Children need regular well-child and dental visits to track their development and find health problems early when they’re usually easier to treat. Services like screenings, dental check-ups, and vaccinations are key to keeping people of all ages healthy. But for a variety of reasons, many people don’t get the preventive care they need. Barriers include cost, not having a primary care provider, living too far from providers, and lack of awareness about recommended preventive services.
Teaching people about the importance of preventive care is key to making sure more people get recommended services. Law and policy changes can also help more people access these critical services.
Definitions of preventive health activities:
- Annual Physical Exam: A health care provider visit at least once a year. Do this even if you feel healthy.
- Cholesterol Screen: Get your cholesterol checked starting at age 20. If your level is within normal limits, get checked every five years. Your health care provider may check your cholesterol more if your level is not normal. You may be checked more if you have diabetes, heart disease or kidney problems. You could be screened more if you see changes in your weight or what you eat.
- COVID Vaccine: Everyone age 5 and up are now eligible to receive COVID-19 vaccination. These vaccines are the best way to protect and your loved ones from becoming ill from COVID-19. Talk to your healthcare provider or visit https://www.coronavirus.in.gov/for more information.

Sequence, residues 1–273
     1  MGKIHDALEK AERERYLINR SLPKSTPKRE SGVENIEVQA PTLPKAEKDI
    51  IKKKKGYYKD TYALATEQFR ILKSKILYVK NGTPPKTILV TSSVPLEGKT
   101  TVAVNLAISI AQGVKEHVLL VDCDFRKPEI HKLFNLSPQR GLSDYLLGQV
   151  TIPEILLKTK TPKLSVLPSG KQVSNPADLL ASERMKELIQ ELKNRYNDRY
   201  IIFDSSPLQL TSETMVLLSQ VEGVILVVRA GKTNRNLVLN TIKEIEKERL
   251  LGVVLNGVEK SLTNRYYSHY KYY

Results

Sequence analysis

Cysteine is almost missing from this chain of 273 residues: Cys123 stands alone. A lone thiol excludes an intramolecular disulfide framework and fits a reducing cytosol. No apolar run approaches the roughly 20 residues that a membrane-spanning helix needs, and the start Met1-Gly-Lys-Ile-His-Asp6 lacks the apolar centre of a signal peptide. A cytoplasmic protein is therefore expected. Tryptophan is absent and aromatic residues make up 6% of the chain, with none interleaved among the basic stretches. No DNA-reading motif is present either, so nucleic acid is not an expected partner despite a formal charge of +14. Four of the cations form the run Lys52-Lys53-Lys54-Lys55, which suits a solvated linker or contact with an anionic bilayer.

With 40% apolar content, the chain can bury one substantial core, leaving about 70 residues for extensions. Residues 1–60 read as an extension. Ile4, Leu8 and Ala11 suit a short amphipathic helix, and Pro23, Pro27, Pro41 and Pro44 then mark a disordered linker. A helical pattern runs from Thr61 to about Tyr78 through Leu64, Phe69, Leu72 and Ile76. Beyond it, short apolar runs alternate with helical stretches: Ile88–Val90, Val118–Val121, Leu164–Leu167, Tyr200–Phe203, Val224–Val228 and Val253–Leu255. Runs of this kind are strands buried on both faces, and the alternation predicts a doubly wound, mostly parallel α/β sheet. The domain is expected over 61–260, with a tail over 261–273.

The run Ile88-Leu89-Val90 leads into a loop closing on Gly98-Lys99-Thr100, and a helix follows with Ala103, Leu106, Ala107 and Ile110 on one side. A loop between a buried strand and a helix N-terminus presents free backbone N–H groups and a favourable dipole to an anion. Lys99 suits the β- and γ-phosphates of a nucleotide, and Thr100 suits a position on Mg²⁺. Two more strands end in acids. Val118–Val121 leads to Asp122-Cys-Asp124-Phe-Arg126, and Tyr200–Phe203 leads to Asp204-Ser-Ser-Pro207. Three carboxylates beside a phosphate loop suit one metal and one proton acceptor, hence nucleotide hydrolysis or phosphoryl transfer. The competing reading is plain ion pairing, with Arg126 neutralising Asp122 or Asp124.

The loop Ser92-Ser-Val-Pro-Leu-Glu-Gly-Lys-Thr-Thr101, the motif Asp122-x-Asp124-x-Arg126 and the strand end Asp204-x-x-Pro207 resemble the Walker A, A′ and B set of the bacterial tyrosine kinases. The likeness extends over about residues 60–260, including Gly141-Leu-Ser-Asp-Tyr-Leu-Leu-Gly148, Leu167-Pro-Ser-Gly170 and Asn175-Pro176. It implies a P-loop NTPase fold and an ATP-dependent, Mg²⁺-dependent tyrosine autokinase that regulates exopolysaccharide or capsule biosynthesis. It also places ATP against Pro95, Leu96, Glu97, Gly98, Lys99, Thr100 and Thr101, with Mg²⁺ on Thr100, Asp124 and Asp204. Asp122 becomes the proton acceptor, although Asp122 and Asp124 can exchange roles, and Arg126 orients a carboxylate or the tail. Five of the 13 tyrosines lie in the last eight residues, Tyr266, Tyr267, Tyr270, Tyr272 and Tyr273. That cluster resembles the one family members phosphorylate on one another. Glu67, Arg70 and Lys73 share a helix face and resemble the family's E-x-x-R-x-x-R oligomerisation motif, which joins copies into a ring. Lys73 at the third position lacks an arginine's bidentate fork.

- Diabetes Screen: Everyone should be screened for diabetes no later than age 45. Your health care provider may screen you at a younger age if you are overweight or have high blood pressure.
- Dental Cleaning: Have a dental professional clean your teeth at least once a year.
- Dental Exam: Have a dentist look at all your teeth at least once a year.
- Eye Exam: Get your eyes checked once every two years. Ask your health care provider if you need your eyes checked more often.
- Chlamydia: Women under age 25 should be screened for chlamydia each year.
- Cervical Cancer Screen: Women ages 21 to 30 who have a cervix should get a Pap test every three years. Women ages 30 to 65 should get a Pap test every five years. They should do this even if they have a normal HPV test. After age 65, most women who have not had cervical cancer can stop these tests. A person can stop getting tests after testing negative three times in 10 years.
- Breast Cancer Screen: Women between the ages of 40 to 75 should get mammograms. This is an x-ray of the breasts to help find cancer. This test should be done at least once every two years.
- Colon Cancer Screen: All people between ages 45 and 75 should get screened for colorectal cancer. You should talk with your health care provider about the test that is best for you. You may be tested at a younger age if you have a family history of colorectal cancer.
- Flu Shot: Most adults should get the flu shot every year.
- Pneumococcal Vaccine: Adults 65 or older should get the vaccine. Health care providers may also suggest it for people younger than 65 who have certain other health problems.
- Shingles Vaccine: This is a vaccine that protects you against a painful disease caused by the chicken pox virus. Those with weak immune systems should not get it. Talk to your Primary Medical Provider (PMP) for more information.
- Td Vaccine: Adults should get a Td booster once every 10 years.
By Ileena Dutta